Thursday, 26 May 2022

Bonhams Natural History Auction

Allosaurus claw boasts exceptional preservation, size and presentation. Dinosaur claws are much more rare than dino teeth, as dinosaurs' teeth were replaced throughout their lifetimes, whereas claws were not. A formidable predator, Allosaurus had short arms with three-fingered hands completed by razor-sharp claws.
Allosaurus hand claws are much larger than Tyrannosaurus.
A virtually complete Struthiomimus sedens hand, mounted in a lifelike pose. As in all members of the theropod subgroup Ornithomimidae, all three fingers are nearly the same length. Struthiomimus, meaning ostrich mimic, is known from the Late Cretaceous in North America. The genus possessed a small, light, toothless skull, a slender, flexible neck and, most likely, a birdlike horny beak covering the jaws.

SEE.

Wednesday, 25 May 2022

The Ancient Kingdom of Axum

The greatest empire to ever exist in Africa, the Kingdom of Aksum lasted from around 100 AD to 940 AD, and extended across East Africa and beyond, including modern-day Eritrea, Ethiopia, Djibouti and Sudan. Located in the northern province of Tigray, Aksum remained the capital of Ethiopia until the seventh century CE. The ancient Kingdom of Axum, also known as Askum, stands out for its early use of coins.
The kingdom is famous for its stone cut obelisks. They were carved out of a single stone and marked graves and burial chambers. Its believed that the Queen of Sheba ruled the Kingdom of Aksum for more than 50 years. According to legend, the Ark of the Covenant came to Ethiopia and has till now been guarded by a succession of monks.

Nemesis


Nemesis brought great sorrow to mortals.
To ancient Greeks, Nemesis is the goddess who enacts retribution for evil deeds, undeserved good fortune, and against those who succumb to hubris (arrogance before the gods). Her name was derived from the Greek words nemêsis and nemô, meaning "dispenser of dues." A purveyor of justice, Nemesis was often depicted with a sword and scales. She is a winged goddess often wielding a whip or a dagger. Her Roman counterpart was Invidia, the goddess of jealousy and vengeance.

Justice (Dike, on the left) and Divine Vengeance (Nemesis) are pursuing the murderer. Pierre-Paul Prud'hon, 1808
Happiness and unhappiness were measured out by her, care being taken that happiness was not too frequent or excessive. If this happened, Nemesis could bring about losses and suffering. She was an avenging agent and punishing power of fate, who, sooner or later, overtakes the reckless sinner. Narcissus was a popular choice among elite Romans seeking to decorate their homes.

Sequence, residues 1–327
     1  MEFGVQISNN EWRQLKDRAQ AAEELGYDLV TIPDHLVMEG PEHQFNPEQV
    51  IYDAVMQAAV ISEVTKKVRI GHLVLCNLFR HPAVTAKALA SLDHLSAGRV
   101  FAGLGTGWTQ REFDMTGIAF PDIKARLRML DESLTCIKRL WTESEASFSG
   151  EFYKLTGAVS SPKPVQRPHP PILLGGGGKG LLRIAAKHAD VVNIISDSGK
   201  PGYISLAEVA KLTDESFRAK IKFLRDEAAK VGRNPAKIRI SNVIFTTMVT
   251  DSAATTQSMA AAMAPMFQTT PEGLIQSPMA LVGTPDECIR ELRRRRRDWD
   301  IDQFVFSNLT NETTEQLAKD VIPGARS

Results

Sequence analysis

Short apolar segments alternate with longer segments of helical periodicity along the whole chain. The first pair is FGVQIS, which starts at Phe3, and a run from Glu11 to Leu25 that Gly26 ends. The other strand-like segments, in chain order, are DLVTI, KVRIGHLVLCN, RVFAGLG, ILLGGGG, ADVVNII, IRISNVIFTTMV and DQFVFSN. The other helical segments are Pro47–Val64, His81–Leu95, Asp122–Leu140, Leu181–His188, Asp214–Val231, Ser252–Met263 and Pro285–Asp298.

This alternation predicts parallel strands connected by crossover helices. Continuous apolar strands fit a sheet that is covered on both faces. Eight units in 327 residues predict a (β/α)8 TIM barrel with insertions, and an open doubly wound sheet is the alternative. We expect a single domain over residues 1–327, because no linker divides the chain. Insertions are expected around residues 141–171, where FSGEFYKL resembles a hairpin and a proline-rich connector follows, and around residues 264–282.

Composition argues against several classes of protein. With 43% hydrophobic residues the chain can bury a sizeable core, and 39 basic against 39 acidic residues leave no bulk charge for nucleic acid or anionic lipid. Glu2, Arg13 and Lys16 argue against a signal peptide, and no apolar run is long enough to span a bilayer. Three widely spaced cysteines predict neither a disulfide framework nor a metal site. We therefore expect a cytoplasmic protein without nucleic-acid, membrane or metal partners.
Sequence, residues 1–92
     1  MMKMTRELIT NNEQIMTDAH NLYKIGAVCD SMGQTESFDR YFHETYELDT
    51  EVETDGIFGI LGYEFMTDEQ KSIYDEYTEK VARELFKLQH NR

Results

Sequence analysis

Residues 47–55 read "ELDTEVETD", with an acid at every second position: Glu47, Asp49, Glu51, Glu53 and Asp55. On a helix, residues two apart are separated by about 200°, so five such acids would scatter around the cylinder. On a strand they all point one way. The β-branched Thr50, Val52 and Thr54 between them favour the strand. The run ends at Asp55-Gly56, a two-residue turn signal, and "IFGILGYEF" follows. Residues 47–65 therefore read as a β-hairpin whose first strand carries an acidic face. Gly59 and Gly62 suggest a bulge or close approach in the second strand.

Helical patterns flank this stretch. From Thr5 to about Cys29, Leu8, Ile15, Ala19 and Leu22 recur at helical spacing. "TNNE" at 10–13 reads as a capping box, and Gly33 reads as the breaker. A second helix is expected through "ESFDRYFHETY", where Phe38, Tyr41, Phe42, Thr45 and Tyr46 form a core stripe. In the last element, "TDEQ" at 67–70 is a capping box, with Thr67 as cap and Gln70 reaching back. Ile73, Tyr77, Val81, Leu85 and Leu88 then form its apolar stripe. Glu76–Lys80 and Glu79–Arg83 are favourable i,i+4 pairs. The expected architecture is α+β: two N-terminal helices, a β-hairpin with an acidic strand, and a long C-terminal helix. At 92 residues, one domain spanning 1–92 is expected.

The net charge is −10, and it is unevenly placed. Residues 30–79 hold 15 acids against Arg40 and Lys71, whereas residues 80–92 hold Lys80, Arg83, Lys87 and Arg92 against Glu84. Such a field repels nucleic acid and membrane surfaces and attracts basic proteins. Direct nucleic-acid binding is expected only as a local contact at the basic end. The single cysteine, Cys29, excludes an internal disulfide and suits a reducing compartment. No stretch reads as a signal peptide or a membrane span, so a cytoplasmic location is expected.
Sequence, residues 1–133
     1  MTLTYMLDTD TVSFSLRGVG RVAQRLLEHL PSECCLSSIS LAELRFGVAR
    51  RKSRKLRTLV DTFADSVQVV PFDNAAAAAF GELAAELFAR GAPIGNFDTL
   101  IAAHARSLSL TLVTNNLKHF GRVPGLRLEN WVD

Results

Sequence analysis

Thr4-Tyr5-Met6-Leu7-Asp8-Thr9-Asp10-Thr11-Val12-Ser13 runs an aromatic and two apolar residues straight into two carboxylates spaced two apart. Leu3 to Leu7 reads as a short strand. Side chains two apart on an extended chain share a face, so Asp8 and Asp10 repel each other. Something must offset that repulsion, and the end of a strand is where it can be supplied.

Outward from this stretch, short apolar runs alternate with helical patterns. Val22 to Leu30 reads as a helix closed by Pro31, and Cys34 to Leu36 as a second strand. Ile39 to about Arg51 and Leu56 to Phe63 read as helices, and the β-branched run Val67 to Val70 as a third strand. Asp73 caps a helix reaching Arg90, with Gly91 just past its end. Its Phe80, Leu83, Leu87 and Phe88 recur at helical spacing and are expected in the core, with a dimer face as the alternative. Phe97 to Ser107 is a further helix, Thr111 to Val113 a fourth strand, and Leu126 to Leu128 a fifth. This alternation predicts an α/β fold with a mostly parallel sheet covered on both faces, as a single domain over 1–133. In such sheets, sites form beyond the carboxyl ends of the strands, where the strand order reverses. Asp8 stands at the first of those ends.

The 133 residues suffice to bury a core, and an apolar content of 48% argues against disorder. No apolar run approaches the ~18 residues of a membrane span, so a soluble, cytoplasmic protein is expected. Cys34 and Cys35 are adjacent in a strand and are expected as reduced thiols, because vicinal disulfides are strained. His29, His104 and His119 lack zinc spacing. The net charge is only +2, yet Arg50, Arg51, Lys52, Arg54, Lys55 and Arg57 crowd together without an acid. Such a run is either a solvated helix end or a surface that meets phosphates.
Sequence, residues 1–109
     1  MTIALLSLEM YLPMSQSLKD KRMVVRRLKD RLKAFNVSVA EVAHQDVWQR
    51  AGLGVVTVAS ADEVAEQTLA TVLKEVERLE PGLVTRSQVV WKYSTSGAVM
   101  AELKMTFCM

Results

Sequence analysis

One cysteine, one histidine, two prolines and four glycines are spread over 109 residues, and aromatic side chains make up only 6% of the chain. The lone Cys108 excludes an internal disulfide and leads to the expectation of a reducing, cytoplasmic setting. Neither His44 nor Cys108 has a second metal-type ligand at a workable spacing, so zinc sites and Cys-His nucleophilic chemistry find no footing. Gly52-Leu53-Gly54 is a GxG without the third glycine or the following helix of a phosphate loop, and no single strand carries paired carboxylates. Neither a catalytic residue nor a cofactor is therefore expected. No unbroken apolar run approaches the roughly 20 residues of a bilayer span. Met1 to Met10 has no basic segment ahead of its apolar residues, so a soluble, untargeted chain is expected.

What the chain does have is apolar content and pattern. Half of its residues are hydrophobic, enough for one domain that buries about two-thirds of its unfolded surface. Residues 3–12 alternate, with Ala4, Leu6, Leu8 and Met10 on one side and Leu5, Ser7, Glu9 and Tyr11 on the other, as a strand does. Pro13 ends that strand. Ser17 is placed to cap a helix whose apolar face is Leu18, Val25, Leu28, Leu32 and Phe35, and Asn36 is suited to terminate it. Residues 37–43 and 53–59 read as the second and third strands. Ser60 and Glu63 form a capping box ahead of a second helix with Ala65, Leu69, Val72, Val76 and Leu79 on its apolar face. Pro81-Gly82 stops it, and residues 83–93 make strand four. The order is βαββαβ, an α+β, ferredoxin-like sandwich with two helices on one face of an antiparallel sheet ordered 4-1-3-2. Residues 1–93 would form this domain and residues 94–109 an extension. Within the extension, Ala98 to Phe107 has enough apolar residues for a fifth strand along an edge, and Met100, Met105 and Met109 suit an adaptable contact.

Tuesday, 24 May 2022

Orchids good as gold

According to cops it was a professional job and the thieves knew exactly what they were after. Bearing all the marks of an art gallery heist, this was the scene at Kew Gardens in 2014 where a rare African water lily was snatched. Its thought to have been sold to an unscrupulous private collector.
The legal plant trade amounts to £9 billion a year worldwide. There is a kudos in owning anything rare. Although it’s impossible to give precise figures for plants, there is a thriving black market involving private collectors. If someone wants a species badly enough they will pay vast amounts of money for it. Rare and new discoveries of wild plants are the most prized.
Monkeyface orchid

Hochstetter Butterfly Orchid
Some orchids species are being driven to extinction. One of the world’s rarest orchids was re-discovered in 2014 by botanists on a volcanic island in the Atlantic. There were 250 plants of the unique species on the island of Sao Jorge in the Portuguese Azores, making it the rarest in Europe.
Bee Orchid

Lady's Slipper orchids

The albino form of the Vanda sanderiana or the Waling-waling is a rare and prized plant for orchid collectors and breeders.

Bulbophyllum kubahense

Phragmipedium kovachii was first found in 2001 and is referred to as one of the most important natural history discoveries in the last decade.

Cypripedium calceolus. It receives round-the-clock police surveillance where it grows on a Lancashire golf course.

Paphiopedilum rothschildianum, an orchid that is on top of the endangered species list.
The contemporary orchid-breeding business in Taiwan and its main rival, the Netherlands, centers on the Phalaenopsis, or the moth orchid. In Victorian Europe, orchid hunters, hired by wealthy collectors, sometimes killed each other in pursuit of new breeds.

Bornean slipper orchid

Shenzhen Nongke orchid took eight years to develop and in 2005, it was sold for about $200k.
A new species of orchid found in Colombia has been named Telipogon diabolicus, because the heart of the flower has an eerie resemblance to a devil's head. There aren't many flowers of this kind in existence.